Language Access: Good intentions, as yet unrealized.
language access
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David Steib, Staff Attorney

Seven years ago, the DC Council passed an innovative and necessary piece of legislation: The Language Access Act of 2004.  The Act was passed in order to ensure that each resident of the District, regardless of the language that the person speaks, is able to access public services.  The Act recognizes that the District government must be able to communicate effectively with those whom it serves in order to ensure public safety, compliance with licensing and permit requirements, and effective distribution of entitlements.  For example, the DC police must be able to serve a crime victim and investigate the crime effectively whether the victim is able to speak English or speaks only Amharic.

Three years before the passage of the DC Language Access Act, the city of Oakland, California passed a very similar ordinance.  The Oakland legislation, The Equal Access to Services Ordinance, requires that city departments translate key documents into languages that are spoken by a threshold number of city residents, just like the DC Language Access Act.  The two pieces of legislation both require that government entities complete regular reports regarding the numbers of limited-English speaking persons affected by the legislation and regarding the government entities’ degree of compliance with the legislation.

Last month, the city of Oakland settled two lawsuits which arose from the city’s failure to comply with the Equal Access to Services Ordinance. See .  See also  City departments in Oakland failed to comply with the ordinance by neglecting to turn in the annual reports that they were obligated to complete, failing to translate the documents that they were required to translate, and ignoring the hiring standards that the ordinance had created to increase the number of bilingual city employees.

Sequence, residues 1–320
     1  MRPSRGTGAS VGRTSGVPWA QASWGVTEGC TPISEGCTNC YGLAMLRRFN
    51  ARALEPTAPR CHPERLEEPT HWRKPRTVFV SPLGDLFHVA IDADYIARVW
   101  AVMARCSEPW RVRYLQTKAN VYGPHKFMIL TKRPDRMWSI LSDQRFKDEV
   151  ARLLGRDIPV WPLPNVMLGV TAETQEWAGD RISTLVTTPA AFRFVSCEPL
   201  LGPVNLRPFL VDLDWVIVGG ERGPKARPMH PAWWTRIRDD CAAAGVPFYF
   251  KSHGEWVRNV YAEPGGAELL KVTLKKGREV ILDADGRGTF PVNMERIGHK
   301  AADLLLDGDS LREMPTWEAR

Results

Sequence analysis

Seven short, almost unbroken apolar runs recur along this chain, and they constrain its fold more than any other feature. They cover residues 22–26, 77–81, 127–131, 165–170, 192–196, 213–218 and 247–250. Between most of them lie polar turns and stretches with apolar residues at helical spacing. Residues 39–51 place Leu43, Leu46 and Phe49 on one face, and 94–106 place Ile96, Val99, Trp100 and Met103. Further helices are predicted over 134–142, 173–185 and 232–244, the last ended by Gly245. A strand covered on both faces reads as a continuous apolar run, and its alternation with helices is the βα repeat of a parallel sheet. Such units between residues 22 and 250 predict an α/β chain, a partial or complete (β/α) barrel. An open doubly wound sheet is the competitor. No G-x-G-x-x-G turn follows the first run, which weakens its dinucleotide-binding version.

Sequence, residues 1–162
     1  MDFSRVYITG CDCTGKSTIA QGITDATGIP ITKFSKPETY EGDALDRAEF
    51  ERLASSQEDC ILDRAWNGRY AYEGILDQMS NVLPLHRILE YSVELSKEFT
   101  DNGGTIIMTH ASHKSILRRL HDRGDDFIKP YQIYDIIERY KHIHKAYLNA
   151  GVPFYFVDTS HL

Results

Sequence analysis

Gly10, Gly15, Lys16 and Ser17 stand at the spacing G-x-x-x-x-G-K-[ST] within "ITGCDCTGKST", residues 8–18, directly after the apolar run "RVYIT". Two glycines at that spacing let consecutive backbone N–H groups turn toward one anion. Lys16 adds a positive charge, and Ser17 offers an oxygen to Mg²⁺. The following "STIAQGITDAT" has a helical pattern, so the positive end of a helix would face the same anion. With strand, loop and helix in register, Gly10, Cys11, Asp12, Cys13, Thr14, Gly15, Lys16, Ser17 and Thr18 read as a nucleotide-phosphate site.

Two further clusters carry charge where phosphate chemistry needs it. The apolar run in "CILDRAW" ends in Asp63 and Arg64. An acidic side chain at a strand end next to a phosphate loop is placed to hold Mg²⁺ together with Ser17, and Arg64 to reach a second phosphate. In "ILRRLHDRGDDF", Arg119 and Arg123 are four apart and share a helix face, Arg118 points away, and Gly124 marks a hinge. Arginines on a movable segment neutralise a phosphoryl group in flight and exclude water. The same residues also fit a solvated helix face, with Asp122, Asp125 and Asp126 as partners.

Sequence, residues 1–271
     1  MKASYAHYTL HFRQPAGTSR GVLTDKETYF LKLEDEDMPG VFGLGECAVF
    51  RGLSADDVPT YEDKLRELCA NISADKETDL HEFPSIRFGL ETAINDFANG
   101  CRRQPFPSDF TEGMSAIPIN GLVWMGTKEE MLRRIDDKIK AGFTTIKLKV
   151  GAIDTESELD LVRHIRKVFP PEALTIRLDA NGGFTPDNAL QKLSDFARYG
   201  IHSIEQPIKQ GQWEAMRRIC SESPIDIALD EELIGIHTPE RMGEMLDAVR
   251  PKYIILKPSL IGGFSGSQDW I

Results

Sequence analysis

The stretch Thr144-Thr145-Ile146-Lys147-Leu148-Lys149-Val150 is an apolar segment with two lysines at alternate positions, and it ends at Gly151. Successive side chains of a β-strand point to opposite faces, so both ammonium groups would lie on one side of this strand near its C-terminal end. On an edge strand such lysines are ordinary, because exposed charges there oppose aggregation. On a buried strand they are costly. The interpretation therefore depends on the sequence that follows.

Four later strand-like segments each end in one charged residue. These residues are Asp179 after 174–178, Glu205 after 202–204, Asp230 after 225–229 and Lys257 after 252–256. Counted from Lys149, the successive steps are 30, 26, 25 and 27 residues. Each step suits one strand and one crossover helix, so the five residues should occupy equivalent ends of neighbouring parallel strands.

Sadly, the similarities between the ordinance in Oakland and the Act in the District extend even into the realm of compliance.  DC government entities are not meeting their requirements under the Language Access Act.  Last week, the DC City Council held oversight hearings for the Office of Human Rights, the government office charged with coordinating implementation and enforcement of the Language Access Act.  Several advocates from the DC Language Access Coalition, of which Legal Aid is a member organization, presented testimony regarding ways in which the Office of Human Rights is failing to meet its obligations under the Language Access Act.  The testimony presented by the Legal Aid Society of DC focused on two serious problems that the Office of Human Rights is failing to address, as required by law: 1) DC government agencies are not collecting and reporting data concerning languages spoken by populations served or encountered, or likely to be served or encountered, by the agencies; and 2) DC government agencies are not translating vital documents into required non-English languages.  See testimony.

We hope the victory in Oakland will raise awareness of language access issues nationally and inspire other jurisdictions with language access laws (including the District) to take these issues seriously.  We look forward to working with the new Administration to make the promise of the Language Access Act real for our client community.

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